Architects love to dream big. You can call it delusions of grandeur or singular vision until the judgment of history renders its verdict. But what if that could change?
Games like "X Rebirth" point the way to how architects can use game design to model and test real-world proposals. "X Rebirth" is already a stunning game: Its Blade Runner-meets-Battlestar Galactica aesthetic pervades a vast universe of space stations and planetoids that players can explore. Each player is a captain of her own ship and must fight, trade, and ally with other players in order to build her own powerful empire.
Similarly expansive games like "EVE Online" have hosted enormously complex political systems and economies. "EVE Online's" CCP Games even has an in-house economist on staff, and one of the game's recent massive battles generated approximately $30,000 in losses for its players.
However, what makes "X Rebirth" stand out is the ability for players to enter and experience their architectural world from outside their cockpit: ships' interiors, byzantine spaceports, and gritty installations. The "X Rebirth" world will be complete in a visually experienceable and sociopolitical way.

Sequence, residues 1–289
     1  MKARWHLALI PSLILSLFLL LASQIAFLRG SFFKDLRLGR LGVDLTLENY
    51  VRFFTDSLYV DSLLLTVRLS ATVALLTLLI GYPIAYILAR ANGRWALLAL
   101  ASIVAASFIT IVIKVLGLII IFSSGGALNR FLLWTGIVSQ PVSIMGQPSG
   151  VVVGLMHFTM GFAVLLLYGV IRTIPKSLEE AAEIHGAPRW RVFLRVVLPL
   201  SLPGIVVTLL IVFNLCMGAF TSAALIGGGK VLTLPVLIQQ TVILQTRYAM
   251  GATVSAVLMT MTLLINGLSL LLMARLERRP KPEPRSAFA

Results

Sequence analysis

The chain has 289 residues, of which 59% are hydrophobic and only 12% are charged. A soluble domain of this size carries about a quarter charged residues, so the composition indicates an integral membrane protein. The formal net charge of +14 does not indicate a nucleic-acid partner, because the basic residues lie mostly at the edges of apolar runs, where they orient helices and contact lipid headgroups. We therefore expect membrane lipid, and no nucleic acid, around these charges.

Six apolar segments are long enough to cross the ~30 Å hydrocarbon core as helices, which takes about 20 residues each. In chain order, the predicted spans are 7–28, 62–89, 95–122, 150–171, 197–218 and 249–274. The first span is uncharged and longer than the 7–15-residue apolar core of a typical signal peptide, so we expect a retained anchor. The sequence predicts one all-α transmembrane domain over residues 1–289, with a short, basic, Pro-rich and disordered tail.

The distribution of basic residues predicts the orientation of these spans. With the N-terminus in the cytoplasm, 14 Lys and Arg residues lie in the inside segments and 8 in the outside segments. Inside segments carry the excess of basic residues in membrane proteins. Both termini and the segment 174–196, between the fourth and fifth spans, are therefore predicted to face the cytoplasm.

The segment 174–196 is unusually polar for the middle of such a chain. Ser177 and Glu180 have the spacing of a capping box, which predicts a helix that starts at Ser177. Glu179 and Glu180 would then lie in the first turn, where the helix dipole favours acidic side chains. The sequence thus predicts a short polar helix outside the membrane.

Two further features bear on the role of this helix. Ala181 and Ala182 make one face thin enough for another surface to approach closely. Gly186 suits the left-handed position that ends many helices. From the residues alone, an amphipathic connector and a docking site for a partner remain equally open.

Projects such as this one bring to mind the many utopian schemes that have always been part of architecture, from Claude Nicolas Ledoux's late 18th-century plan for an ideal industrial town to Le Corbusier's Ville Radieuse and Frank Lloyd Wright's Broadacre City. All these plans met with varying degrees of success and implementation (mostly neither), but what if Corbu and Wright could have tested their ideas? What if they could have conducted a complex simulation that tested their architectural and social hypothesizes in a visceral, socially attuned way?
Broadacre City. Image: via studyblue.com
This is where games like "X Rebirth" come in. It offers the opportunity to take a dry run at building a world from the ground up and seeing how people will inhabit it. Designers can get economic feedback just as much as lessons about circulation, appearance, and program as they would after studying any built architectural project.
For example, what if an architect collaborated with a video game company to produce a simulation that was part eco-city, part farmville? No one really knows the details of how urban cultivation would work, but a game would give them the chance to perfect their proposal: how much space everyone needs, what motivates people to farm, how to best organize the movement of people and produce. Moreover, as the price of gave development decreases and the feasibility of virtual reality increases, the possibilities will only ever grow more attractive.
Architects: are you game?